Food Aversion Learning: Conditioning Lambs to Avoid a Palatable Shrub (Cercocarpus Montanus)
Journal of Animal Science
Dietary preferences of livestock are flexible, so manipulating diet selection of livestock may be a better alternative than vegetation manipulation to reduce livestock losses to poisonous plants. We studied the feasibility of training lambs to avoid the palatable shrub Cercocarpus montanus. Lambs naive to C. montanus were exposed to shrubs in 8-liter pots in pens for 5 d. Treatment lambs received lithium chloride (LiCl), a non-lethal gastrointestinal poison, immediately following consumption of the shrub. Control lambs received no LiCl. Treatment (averted) lambs decreased their ingestion of C. montanus over the 5-d training trial, whereas control animals increased consumption of the shrub. During subsequent pasture trials, averted and control lambs chose .2 to .4% vs 15 to 35% of their bites from C. montanus, respectively (P < .05). When averted and control lambs grazed together in a common pasture, averted lambs continued to select fewer of their bites from C. montanus than did control lambs (5% vs 19%). We conclude that aversive conditioning may be a viable method for manipulating diet selection of free-ranging livestock.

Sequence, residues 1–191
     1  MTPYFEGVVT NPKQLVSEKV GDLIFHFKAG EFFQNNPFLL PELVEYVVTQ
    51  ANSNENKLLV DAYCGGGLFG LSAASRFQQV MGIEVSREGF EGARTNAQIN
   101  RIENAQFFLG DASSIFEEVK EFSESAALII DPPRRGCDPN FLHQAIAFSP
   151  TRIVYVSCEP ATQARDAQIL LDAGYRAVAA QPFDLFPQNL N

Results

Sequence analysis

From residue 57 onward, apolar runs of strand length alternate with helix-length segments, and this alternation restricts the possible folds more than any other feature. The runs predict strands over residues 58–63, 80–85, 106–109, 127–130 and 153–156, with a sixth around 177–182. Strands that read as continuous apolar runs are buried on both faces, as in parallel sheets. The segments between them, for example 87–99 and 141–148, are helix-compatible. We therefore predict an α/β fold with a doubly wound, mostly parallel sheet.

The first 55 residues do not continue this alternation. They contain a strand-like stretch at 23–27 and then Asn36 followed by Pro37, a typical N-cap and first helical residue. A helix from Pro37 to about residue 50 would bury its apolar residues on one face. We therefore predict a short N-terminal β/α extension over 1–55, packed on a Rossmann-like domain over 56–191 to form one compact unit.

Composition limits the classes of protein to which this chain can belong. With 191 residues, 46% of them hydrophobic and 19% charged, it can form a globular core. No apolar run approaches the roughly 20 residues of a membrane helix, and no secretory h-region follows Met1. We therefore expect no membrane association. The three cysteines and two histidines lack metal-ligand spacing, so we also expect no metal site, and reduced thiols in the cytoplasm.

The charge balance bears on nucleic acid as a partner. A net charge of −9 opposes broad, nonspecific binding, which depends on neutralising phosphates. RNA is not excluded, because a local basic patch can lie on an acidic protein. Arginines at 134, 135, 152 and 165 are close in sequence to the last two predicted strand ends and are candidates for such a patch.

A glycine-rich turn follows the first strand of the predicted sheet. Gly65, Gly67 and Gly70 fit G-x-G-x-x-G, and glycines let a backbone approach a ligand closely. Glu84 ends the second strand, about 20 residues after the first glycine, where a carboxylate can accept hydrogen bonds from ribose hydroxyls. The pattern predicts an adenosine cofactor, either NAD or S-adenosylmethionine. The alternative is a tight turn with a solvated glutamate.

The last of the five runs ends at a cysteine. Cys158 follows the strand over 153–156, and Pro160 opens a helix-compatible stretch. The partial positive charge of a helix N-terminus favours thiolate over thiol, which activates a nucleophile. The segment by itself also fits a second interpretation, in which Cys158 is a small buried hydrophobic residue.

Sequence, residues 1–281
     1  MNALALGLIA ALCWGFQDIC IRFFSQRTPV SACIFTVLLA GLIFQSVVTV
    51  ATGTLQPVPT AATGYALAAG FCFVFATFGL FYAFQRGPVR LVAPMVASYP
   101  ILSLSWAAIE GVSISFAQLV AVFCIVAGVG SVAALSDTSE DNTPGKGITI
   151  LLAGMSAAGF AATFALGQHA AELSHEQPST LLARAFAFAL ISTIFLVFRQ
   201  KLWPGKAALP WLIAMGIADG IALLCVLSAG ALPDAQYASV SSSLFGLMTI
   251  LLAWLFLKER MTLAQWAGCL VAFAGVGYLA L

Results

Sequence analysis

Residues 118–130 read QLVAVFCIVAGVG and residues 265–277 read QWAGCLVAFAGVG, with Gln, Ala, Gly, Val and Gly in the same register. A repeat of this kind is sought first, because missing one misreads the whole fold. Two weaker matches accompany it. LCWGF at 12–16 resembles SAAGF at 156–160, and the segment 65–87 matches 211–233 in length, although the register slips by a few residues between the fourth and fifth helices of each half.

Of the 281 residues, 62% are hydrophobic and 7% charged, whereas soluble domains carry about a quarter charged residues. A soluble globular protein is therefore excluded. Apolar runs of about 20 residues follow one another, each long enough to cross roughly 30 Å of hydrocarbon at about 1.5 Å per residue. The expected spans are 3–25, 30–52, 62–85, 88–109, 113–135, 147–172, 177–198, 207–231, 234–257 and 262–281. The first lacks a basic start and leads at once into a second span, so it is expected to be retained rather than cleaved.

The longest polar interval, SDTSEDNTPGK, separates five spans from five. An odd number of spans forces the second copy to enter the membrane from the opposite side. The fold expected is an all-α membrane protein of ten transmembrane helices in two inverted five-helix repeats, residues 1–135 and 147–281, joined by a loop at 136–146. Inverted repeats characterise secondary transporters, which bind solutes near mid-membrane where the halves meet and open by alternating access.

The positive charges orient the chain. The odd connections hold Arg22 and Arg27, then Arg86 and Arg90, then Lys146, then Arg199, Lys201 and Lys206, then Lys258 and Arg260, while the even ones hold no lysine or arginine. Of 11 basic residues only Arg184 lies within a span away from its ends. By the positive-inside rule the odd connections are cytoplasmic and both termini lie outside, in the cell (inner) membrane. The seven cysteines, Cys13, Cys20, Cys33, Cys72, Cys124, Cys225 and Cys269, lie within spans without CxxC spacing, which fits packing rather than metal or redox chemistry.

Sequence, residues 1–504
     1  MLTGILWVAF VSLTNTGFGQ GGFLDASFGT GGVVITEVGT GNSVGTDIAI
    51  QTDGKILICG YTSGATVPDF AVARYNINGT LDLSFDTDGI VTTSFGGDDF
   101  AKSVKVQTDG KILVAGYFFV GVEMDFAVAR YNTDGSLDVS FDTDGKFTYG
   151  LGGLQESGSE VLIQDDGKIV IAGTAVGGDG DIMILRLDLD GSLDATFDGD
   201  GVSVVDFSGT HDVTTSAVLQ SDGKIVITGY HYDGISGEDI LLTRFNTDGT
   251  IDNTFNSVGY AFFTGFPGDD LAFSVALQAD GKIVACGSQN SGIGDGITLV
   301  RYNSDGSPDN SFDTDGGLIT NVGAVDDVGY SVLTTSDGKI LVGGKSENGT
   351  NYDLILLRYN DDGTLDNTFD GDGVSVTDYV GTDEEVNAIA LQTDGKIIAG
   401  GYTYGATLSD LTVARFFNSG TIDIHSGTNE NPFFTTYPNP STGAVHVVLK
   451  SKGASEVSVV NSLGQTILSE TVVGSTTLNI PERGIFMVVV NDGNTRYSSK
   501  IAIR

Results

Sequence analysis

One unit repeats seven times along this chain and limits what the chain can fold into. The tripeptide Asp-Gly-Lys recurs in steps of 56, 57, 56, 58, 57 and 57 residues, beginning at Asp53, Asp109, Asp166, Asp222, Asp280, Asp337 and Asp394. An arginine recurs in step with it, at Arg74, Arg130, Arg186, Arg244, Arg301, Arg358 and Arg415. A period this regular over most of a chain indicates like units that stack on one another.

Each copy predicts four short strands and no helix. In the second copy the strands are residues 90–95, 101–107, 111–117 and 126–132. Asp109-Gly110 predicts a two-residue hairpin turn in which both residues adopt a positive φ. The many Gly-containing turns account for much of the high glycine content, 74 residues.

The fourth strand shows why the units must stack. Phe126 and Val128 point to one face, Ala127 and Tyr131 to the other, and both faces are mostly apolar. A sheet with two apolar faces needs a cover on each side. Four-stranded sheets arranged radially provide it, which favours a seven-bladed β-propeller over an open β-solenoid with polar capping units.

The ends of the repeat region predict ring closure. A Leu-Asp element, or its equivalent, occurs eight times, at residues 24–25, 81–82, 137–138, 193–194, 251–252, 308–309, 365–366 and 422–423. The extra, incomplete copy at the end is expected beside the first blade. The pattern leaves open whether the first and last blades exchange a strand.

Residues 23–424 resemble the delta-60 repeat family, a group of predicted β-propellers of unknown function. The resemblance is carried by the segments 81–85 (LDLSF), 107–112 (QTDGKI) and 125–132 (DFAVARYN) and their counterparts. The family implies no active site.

Burritt, E. A.; Provenza, F. D. 1989. Food Aversion Learning: Conditioning Lambs to Avoid a Palatable Shrub (Cercocarpus Montanus). Journal of Animal Science 67(3): 650-653.